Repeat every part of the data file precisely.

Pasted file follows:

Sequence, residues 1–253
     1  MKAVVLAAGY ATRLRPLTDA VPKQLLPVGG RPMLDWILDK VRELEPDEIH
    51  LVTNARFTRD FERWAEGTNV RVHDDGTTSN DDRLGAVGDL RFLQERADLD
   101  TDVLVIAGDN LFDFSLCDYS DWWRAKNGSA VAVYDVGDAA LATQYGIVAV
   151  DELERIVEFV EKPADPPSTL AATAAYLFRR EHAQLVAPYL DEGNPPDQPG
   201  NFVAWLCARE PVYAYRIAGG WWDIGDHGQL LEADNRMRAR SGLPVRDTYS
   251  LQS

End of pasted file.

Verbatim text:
Sequence, residues 1–253
     1  MKAVVLAAGY ATRLRPLTDA VPKQLLPVGG RPMLDWILDK VRELEPDEIH
    51  LVTNARFTRD FERWAEGTNV RVHDDGTTSN DDRLGAVGDL RFLQERADLD
   101  TDVLVIAGDN LFDFSLCDYS DWWRAKNGSA VAVYDVGDAA LATQYGIVAV
   151  DELERIVEFV EKPADPPSTL AATAAYLFRR EHAQLVAPYL DEGNPPDQPG
   201  NFVAWLCARE PVYAYRIAGG WWDIGDHGQL LEADNRMRAR SGLPVRDTYS
   251  LQS